It’s the central bank & finance ministry versus commerce over ‘unintended liberalisation’ permitted in February guidelines.
Differences have developed between both the Reserve Bank of India (RBI) and the finance ministry and within the government on the impact of Press Notes 2, 3 and 4 issued in February 2009 that significantly relax the guidelines on foreign direct investment (FDI).
The alignments appear to be RBI and the Department of Economic Affairs (DEA), which comes under the finance ministry, against the Department of Industrial Policy and Promotion (DIPP) under the commerce ministry, the nodal agency for FDI-related matters, to clarify several issues.
On March 20, RBI had asked the DEA to review the new guidelines on FDI issued under press notes 2, 3 and 4 in February 2009, saying they would lead de facto to full capital account convertibility.
The new norms need to be notified under the Foreign Exchange Management Act (Fema) by RBI to give it legal sanctity.
Significantly, the DEA also raised objections to the new FDI norms after receiving RBI’s letter and has asked the DIPP to clarify several issues. (DEA was, however, involved in the process of formulating the new press notes.)Online GST Certification Course by TaxGuru & MSME- Click here to Join
According to government officials close to the developments, DIPP feels a comprehensive review of the new norms is not possible. The department, however, is open to releasing clarifications, which could take the form of “minor tweaking and not complete reversal of the new norms”.
Capital account convertibility means that an investor is allowed to move freely from the local currency to a foreign currency. India has limited capital account convertibility to prevent shocks to the capital account and maintain a stable exchange rate, by stipulating sectoral norms that ensure a lock-in period for investments.
The press notes simplify the method for calculating FDI and broadly state that as long as Indian promoters hold a majority stake (more than 51 per cent) in any operating-cum-investing company, it can bring investment up to 49.9 per cent through FDI. This company would be treated as an Indian company and it can invest through a joint venture in any other company that may be engaged in industries in which FDI has a sectoral limit. Several companies like retailer Pantaloon and media house UTV have restructured their organisations to raise FDI in their businesses through step-down joint ventures — FDI is prohibited in multi-brand retail and is restricted to 26 per cent for media
Questioning the proposed definition of Indian ownership and control, given in Press Note 2, RBI stated that ownership and control by a company may not be related to formal equity holding and the right to appoint a majority of directors on the board of the company in which the investments are being made.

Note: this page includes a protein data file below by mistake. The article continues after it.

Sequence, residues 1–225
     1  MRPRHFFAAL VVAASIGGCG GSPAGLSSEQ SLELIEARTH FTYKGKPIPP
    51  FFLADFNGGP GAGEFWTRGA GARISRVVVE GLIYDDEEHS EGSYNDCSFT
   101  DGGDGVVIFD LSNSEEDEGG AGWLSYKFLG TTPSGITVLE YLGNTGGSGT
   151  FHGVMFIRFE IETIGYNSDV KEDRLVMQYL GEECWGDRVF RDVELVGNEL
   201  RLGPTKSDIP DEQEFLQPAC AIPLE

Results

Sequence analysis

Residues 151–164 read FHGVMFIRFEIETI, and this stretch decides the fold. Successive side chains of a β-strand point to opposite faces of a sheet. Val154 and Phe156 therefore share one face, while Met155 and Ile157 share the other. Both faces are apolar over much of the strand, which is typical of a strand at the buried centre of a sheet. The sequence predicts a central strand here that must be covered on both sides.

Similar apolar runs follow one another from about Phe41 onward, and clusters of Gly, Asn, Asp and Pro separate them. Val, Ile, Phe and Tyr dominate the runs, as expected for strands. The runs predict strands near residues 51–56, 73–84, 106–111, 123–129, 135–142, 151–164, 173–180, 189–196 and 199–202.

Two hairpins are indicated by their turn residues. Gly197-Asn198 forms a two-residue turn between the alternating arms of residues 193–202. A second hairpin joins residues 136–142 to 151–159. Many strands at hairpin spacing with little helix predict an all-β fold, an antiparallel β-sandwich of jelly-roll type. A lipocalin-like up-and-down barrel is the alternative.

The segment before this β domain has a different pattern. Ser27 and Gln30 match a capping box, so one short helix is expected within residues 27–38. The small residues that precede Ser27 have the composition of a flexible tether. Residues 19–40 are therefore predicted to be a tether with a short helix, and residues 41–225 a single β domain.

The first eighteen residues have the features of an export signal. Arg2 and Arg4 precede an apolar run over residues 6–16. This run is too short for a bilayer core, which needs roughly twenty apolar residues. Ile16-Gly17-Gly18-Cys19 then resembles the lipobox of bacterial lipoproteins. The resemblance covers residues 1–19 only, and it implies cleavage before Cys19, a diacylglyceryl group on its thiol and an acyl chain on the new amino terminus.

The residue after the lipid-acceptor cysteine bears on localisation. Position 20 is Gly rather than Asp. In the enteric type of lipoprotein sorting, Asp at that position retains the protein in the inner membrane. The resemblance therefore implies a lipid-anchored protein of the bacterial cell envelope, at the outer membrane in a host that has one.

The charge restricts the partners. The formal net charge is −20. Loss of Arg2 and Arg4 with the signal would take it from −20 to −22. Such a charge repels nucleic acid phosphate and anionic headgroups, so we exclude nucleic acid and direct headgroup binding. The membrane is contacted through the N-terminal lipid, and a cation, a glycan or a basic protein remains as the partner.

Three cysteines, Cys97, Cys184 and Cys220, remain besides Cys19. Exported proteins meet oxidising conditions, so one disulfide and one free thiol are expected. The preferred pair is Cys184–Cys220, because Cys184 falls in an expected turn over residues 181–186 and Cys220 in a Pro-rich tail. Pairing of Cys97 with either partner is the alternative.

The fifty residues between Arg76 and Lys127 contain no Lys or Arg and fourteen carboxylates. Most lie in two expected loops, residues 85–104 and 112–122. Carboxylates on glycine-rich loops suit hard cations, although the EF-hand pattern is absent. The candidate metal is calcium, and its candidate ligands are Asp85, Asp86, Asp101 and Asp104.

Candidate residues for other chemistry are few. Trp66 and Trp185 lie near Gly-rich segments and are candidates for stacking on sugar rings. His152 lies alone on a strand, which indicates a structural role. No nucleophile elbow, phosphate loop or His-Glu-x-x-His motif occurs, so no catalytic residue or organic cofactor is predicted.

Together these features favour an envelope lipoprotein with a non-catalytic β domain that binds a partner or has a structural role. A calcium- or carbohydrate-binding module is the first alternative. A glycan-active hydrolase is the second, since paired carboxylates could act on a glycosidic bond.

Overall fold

“Control may be maintained through other forms such as funding through preference shares or loans, vesting of executive authority or super minority provisions (like right of first refusal or veto power) in minority shareholders through shareholder agreements,” argued the central bank in its letter. “Therefore, there is a need to fine-tune the definition of control rather than relying on the power to appoint majority directors,” the letter added.
Echoing RBI’s views, the DEA has also stated that an investing company with 49 per cent FDI can go ahead and invest in any FDI-prohibited sectors or exceed the sectoral limits in those industries that have them, sources said.
“In one sweep, therefore, any sectoral cap of 49 per cent and below has become meaningless in so far as downstream investment by a company with foreign investment below 50 per cent and qualifying as an Indian owned and controlled company,” the DEA argued in a letter, sources said.
“Such a company can apply for cable TV operations (49 per cent cap), FM broadcasting license (20 per cent cap), licensed defence items manufacture (26 per cent cap), printing news papers (26 per cent cap) up linking TV news channels (26 per cent cap) etc. Whether this stance has been approved as such or is an unintended liberalisation is not clear,” the DEA letter said..
The central bank expressed a similar view. “Not only will this lead to the formation of Indian companies that are primarily shell companies whose sole intention would be the downstream investment in sectors with FDI restrictions, but it would also lead to the near total circumvention of the extent FDI policy making it ineffective,” RBI said in the letter to the DEA.